5 Aug 2013

Running a rider survey on an event

What I wanted from a survey?


I want to run the best possible event for the money I charge, so an important part of my event organiser's role is to get feedback. Due to the nature of the event, the Rutland Weekend 300 on 6th July, which offered riders the option of handing me the completed brevet card in a pub for part of an evening, or posting it in with a the supplied SAE, I knew I would only meet some of the finishers at the end. So, rather than quiz people as they relaxed post-ride, I thought, inspired by the results of fellow Willesdener Paul Stewart's survey after his Ditchling Devil event, I would offer a survey.

Most of the questions could apply to any audax event, but I had a couple that were specific to the route and as the ride was billed as a pre-LEL run-out, whether riders were doing LEL or not. I decided not to use an online option like Survey Monkey as it would get far fewer answers. Before I designed the questionnaire, I set three constraints: it must fit on a piece of A5 paper so it can sent in along with the completed brevet card, it must need no more than 1-2 minutes to complete and it must offer an option for comments. The questions were divided into the journey to the event, the journey on the event, scoring the event and any comments. It was clearly made optional for riders to fill in their name.
I did my best to maintain anonymity, piling the responses togther until I was sure that I had all the brevet cards back and then collating the results.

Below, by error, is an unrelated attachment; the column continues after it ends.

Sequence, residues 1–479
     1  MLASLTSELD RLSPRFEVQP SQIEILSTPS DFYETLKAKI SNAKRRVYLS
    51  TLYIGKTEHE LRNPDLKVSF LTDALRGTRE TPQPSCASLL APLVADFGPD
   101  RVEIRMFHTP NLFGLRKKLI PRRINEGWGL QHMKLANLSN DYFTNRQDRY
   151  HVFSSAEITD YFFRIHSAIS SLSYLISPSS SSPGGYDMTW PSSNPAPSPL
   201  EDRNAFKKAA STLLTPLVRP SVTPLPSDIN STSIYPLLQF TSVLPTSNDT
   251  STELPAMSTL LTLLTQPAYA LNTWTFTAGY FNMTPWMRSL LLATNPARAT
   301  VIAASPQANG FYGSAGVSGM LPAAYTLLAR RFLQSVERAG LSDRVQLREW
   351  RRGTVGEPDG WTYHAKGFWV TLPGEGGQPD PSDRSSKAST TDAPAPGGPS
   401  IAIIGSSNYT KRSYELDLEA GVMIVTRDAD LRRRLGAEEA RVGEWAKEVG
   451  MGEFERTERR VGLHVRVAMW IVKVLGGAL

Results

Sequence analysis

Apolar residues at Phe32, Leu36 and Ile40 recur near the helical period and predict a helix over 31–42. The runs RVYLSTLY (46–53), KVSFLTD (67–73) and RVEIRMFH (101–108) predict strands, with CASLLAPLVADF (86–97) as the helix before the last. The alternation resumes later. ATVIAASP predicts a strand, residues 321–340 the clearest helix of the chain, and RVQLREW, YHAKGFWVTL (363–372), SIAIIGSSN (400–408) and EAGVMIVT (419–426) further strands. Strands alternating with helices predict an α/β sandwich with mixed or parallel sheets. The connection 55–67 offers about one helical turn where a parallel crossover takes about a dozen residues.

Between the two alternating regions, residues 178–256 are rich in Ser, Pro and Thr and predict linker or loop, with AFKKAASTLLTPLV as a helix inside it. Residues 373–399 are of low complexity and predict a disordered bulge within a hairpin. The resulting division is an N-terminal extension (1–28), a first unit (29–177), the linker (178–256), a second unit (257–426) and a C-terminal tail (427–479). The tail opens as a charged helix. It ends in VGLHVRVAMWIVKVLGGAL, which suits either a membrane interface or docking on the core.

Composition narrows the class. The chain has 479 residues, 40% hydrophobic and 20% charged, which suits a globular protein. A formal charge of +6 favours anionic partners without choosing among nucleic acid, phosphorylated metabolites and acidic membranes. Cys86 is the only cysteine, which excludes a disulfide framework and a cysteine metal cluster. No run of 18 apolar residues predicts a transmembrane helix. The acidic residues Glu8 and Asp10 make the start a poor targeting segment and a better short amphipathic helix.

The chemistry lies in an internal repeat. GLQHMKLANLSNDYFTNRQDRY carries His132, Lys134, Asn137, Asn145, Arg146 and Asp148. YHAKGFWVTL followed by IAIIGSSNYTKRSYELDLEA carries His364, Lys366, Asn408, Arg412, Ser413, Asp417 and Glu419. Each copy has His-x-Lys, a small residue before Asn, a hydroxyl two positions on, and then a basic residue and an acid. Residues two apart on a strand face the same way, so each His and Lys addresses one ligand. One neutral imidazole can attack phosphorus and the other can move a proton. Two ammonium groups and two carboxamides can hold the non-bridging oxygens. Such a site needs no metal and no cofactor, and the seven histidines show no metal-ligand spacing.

The results


I received 34 responses, which is over two thirds of the starters. They were very positive, 33 would recommend the ride to others and nobody said they would not recommend it.
  • 70% were entering LEL
  • The AUK site and YACF were where all but 2 riders heard about the event
  • Ride location and distance were the two most important deciders on whether to do the event
  • Half the riders arrived by car and the rest split evenly between train (the event starts from Baldock Station forecourt) and arriving on the bike
  • I got my answers on the route options - most people followed the standard route.

I asked people to rank features from 1 to 5, and got the following averages, where 5 is 100%
Entry process 4.9
Ease of getting to the start 4.8
Roads used on route (surfacing, traffic levels etc) 4.6
Landscape 4.6
Food / drink options 3.9
Routesheet 4.6
GPS tracks 4.5
Ride notes 4.7
The first response is an emphatic vote for how easy the AUK online entry process is and I passed this on to the AUK board. The food/drink options (all commercial controls) were the weakest point and I have food for thought on how to do that better next time.

As for the comments, apart from thanks and the revelation of how nice the patch of England the Rutland Weekend uses is to cycle for people who have never done it before, there was no common theme: some information given out could be clarified and someone suggested a minor route tweak which I will look at for the next Weekend (probably a few weeks before PBP).
All the starters (whether or not they had responded) were emailed a copy of my full report.

Was it worth it?


Yes. It answered my route-specific questions, it confirmed what I already suspected about en-route food and drink and it showed my what I need to tweak next time. The fact that most entrants were doing LEL indicated that to get a decent sized field I should run it just in PBP and LEL years. The comments also gave some great quotes I can use to advertise the event next time.
I won't impose this on every event, but for a newish event it's worth it, and because I could not get face-to-face comments from everyone, it's a chance for them to have their say.
For my next survey I will have a question about AUK membership and I will try to improve the anonymity.

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